The Calculations of Emotion with Uprooted

UPROOTED THEATRE’s staging of REgniald Edmiund’s SOUTH BRIDGE

Mar. 17, 2012
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For one week only, Uprooted Theatre is staging a heartbreakingly well-rendered premiere of Reginald Edmund’s Southbridge. The show is directed by Marti Gobel. There are only two more performances of the show, but it’s well worth making last minute plans to see this one. It’s brilliant.

The plot plays out as a complex calculation between the desires of an ensemble of characters. They’re all terribly complex people compellingly played by a really good ensemble of actors.

Andrew Parchman plays a man at the center of it all. His name is Christopher but it is also Stranger. He has clairvoyance. He can see into people’s pasts by looking into their eyes…sometimes sees the future as well. This is a tragic thing for ANYONE to have to deal with, but for a black man in the late 19th century it’s positively life-threatening. Parchman has a dazzling intensity about him that works in both surreal and earthbound drama. This role wouldn’t work with anything less than that kind of talent. Parchman has taken smaller roles in ensemble productions before. It’s truly satisfying to see him in something more prominent here.

Toni Martin plays Christopher’s wife. She’s got a fiery strength and determination about her. She has sacrificed much to be with Stranger and that sacrifice shows through in the sweetest ways in the rapport both actors have onstage. Thee are some really tender moments that feel remarkably visceral in the intimate studio theatre at the bBroadway Theatre Center.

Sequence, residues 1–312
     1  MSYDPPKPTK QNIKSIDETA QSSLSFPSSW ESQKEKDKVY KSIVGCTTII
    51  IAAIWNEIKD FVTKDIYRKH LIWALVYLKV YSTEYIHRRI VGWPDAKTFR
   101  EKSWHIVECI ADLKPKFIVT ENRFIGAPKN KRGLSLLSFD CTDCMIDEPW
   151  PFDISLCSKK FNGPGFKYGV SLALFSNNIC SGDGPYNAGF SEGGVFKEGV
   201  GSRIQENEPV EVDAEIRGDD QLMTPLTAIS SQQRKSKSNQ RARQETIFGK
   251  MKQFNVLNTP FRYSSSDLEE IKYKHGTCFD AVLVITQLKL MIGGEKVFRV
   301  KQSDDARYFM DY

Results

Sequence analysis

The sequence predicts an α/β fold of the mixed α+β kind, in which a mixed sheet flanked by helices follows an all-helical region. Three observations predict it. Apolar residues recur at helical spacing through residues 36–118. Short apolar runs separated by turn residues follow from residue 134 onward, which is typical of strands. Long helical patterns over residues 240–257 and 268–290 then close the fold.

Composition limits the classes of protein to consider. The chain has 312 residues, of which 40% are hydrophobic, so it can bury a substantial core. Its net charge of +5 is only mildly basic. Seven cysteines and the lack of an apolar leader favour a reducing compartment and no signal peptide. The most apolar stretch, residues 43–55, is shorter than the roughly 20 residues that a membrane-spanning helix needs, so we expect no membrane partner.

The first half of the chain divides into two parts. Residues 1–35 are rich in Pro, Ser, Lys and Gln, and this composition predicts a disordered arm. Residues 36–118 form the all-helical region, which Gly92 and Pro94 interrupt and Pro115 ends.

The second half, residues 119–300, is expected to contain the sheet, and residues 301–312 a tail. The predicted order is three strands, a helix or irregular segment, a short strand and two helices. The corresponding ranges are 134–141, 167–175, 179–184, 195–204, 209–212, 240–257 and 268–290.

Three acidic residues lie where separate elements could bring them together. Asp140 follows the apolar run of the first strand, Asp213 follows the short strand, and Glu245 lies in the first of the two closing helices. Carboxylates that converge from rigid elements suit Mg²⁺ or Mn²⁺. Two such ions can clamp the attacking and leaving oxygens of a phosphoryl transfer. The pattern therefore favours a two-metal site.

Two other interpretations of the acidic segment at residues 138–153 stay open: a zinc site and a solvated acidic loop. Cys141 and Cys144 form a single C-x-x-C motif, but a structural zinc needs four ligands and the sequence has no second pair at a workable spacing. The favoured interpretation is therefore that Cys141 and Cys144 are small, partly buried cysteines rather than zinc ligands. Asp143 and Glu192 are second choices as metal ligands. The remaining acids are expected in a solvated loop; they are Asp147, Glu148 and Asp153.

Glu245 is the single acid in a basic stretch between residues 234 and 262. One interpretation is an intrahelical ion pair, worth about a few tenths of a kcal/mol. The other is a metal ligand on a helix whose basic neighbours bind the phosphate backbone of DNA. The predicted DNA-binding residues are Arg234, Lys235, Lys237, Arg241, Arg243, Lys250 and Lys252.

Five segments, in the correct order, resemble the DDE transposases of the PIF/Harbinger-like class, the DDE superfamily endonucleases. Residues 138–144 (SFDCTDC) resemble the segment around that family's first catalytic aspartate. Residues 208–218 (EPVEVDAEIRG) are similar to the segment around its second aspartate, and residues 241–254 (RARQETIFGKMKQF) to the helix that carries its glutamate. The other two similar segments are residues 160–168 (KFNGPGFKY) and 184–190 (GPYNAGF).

Terrance Kingby plays Ed Berry—a man with a dream who gets mixed up in things. He’s a black man in the late 19th century looking to start up his own hotel in Ohio. So it’s going to be uphill work for him. His ambition drives Christopher. Kingby’s performance hits a nice crescendo when he’s playing the character in an inebriated state. It’s a cleverly rendered performance that brings out both sympathy and disgust.

Marcella Kearns is anther actress who seldom gets roles close enough to the center of the stage. It was nice to see her in Gorgons with Renaissance earlier this season, but that was comedy. Here she’s playing a very, very complex personality. A widow with a tragic past who is tragically lonely. At first she’s reluctant to hire Christopher for labor aroundthe house, but in time she comes to enjoy his company. This isn’t Driving Miss Daisy, though. This is much, much, much darker. It’s actually a very haunting performance. Kearns brings out so many different details in the widow’s personality that it becomes very, very difficult to love her OR hate her.

T. Stacy Hicks rounds out the cast as a small town Sheriff who manipulates his way through town. The challenge here is to play someone who looks very much like a paper-thin villain waxing a moustache for so much of the play. He’s actually terribly complicated, but Edmund doesn’t really get into that all that early into the play as he is so busy developing the rest of the ensemble. Hicks’ challenge is to keep the character sympathetic enough through the early going of the play to keep us sympathetic to him when the whole thing explodes after intermission. Hicks’ tackles that challenge expertly in a performance that balances things out beautifully.

Uprooted’s one-week production of Southbridge closes March 18th. Its next event is a staged reading of David Mamet’s Oleanna. The reading, which features Marti Gobel and Joseph Hanreddy, is listed both on the Uprooted website and Brown Paper as taking place on April 23rd at the 10th street theatre. 




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